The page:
Google improves Android App Bundles and makes building Instant Apps easier

Google is launching a series of new features for Android application developers today that will make it easier for them to build smaller applications that download faster and launch instant applications that allow potential users to try a new application without having to do it. install it.

Android app packages, a feature that allows developers to modularize their applications and deliver features on demand, is not a new feature. The company announced it a while ago; now there are "thousands of application packages" in production with an average file size reduction of 35 percent. With today's update, Google is making some changes in the way that application packages handle native, uncompressed libraries that are already on a device. That will lead to downloads that are on average 8 percent smaller and take up 16 percent less space on one device.

Speaking of size, Google now allows developers to upload application packages with installed APK sizes of up to 500 megabytes, although this is currently still in early access.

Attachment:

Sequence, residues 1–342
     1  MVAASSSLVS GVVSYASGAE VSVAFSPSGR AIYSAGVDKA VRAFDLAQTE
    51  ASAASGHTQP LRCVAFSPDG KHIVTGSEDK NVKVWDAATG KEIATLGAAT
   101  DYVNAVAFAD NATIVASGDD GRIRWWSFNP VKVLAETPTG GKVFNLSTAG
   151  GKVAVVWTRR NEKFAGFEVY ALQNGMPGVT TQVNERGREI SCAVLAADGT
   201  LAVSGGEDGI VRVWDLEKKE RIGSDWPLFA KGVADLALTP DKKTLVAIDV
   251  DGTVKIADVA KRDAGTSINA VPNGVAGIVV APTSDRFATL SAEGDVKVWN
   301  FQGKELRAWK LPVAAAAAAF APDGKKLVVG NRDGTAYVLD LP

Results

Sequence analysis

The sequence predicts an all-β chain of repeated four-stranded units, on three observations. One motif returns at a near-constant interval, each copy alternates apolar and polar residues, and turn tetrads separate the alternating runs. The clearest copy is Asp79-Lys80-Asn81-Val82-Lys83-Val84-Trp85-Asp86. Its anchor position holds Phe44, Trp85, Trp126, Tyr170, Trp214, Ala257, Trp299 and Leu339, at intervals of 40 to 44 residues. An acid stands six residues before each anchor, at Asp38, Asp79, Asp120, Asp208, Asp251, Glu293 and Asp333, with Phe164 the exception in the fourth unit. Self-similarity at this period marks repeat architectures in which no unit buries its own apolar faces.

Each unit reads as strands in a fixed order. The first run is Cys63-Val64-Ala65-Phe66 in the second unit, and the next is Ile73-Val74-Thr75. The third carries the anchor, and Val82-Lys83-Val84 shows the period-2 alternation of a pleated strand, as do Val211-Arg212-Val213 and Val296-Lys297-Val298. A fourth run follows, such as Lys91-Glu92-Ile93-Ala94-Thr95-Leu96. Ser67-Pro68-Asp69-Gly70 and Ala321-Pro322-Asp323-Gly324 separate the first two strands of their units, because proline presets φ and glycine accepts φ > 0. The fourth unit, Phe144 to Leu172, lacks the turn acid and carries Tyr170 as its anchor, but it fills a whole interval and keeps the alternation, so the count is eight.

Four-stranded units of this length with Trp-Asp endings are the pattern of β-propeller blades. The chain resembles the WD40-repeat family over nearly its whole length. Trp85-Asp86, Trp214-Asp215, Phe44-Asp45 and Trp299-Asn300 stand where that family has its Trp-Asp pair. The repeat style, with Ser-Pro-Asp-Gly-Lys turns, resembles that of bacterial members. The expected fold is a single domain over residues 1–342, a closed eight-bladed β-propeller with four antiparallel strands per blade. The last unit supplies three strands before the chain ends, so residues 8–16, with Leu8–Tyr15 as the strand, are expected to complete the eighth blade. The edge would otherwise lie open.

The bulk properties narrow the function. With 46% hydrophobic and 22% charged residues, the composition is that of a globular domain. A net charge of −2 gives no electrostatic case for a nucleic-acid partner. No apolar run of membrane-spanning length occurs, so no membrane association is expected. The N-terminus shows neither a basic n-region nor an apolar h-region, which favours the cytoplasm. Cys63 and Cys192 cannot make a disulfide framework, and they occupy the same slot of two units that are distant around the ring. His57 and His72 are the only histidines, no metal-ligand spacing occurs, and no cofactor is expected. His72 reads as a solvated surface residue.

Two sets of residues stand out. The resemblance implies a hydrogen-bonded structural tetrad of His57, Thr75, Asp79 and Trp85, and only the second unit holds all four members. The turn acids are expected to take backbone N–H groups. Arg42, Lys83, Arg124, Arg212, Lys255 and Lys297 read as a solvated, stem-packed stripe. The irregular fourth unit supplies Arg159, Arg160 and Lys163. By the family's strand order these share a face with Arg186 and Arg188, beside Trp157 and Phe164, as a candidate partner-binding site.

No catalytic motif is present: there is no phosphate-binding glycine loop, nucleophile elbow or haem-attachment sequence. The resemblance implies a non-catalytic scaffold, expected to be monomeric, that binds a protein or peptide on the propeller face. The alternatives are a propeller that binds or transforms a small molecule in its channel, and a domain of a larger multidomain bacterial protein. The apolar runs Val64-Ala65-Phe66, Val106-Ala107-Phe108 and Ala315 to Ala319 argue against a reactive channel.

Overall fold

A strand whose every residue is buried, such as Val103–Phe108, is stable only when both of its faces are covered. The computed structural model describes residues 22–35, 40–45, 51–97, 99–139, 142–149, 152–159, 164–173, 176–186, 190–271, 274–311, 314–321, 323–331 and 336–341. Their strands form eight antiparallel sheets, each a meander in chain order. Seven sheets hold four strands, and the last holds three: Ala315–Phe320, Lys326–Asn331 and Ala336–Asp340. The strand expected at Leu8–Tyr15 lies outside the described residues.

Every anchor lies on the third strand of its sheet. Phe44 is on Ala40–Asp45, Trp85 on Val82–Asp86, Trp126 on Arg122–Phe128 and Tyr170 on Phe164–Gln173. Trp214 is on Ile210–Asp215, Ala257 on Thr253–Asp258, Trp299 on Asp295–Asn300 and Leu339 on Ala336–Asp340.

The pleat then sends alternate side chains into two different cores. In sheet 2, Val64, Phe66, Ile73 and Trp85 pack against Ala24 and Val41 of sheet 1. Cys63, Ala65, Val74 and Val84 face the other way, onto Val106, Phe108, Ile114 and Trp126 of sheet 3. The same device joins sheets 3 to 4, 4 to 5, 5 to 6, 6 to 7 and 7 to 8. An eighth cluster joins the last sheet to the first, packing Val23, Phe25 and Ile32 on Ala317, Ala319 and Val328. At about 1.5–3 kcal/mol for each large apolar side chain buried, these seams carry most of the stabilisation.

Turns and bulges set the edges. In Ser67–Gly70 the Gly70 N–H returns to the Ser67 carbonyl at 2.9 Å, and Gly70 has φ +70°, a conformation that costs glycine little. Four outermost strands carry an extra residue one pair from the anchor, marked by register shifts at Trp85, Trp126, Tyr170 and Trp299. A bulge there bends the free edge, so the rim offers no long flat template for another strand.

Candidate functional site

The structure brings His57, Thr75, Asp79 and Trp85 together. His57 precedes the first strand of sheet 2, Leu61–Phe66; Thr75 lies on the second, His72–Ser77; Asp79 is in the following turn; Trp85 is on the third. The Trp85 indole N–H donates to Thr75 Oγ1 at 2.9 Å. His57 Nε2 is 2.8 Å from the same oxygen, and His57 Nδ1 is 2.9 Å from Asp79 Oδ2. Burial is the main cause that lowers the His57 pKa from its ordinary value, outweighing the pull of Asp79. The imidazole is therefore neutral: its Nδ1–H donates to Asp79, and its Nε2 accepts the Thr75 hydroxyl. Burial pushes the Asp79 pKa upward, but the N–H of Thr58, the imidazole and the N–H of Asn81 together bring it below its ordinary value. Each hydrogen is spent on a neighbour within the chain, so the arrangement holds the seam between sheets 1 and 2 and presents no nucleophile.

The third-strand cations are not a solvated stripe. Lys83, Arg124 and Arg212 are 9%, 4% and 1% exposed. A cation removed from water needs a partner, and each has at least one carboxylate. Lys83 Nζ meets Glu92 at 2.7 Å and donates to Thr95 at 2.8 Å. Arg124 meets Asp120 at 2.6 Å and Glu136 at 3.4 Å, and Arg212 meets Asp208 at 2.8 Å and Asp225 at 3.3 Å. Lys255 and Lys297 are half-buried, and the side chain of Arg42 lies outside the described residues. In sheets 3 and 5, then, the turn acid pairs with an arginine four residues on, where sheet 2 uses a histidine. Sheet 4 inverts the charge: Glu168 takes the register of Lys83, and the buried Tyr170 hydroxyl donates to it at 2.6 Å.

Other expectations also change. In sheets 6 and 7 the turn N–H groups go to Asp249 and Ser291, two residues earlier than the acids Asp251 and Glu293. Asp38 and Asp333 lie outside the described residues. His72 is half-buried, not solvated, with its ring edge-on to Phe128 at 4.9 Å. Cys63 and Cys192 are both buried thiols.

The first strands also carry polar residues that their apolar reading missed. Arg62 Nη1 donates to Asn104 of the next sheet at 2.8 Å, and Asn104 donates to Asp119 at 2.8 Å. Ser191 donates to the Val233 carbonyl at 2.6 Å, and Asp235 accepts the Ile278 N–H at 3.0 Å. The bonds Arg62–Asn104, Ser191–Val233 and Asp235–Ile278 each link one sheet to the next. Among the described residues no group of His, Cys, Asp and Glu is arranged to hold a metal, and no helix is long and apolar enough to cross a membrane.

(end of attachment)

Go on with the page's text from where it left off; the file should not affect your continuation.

In addition, the application packages are now compatible with Android Studio 3.2 stable and Unity 2018.3 beta.

While small application sizes are good, another feature is Google. Today's announcement will probably have a greater impact on both developers and users. This is because the company is making some changes to the Instant Applications, a feature that allows developers to send a small part of their applications as evidence or show a part of the application experience when users log in from the results of their applications. search, and it is not necessary to download the full application and follow the installation procedure (slow).

With this update, Google is now using application packages to allow developers to create their instant applications. That means you do not have to publish an instantaneous and an installable application. Instead, they can enable their application packages to include an instant application and publish a single application in the store. Thanks to that, there is no additional code to maintain.

Developers can also create instant applications for their premium titles and publish them for their pre-registration campaigns, something that was not an option before.

Other updates for Android developers include improved bug reports that now combine users' real-world data with those from the Firebase Test Lab when Google sees those crashes in both circumstances. There are also updates on how developers can set up subscription billing for their applications and a couple of other minor changes that you can read here.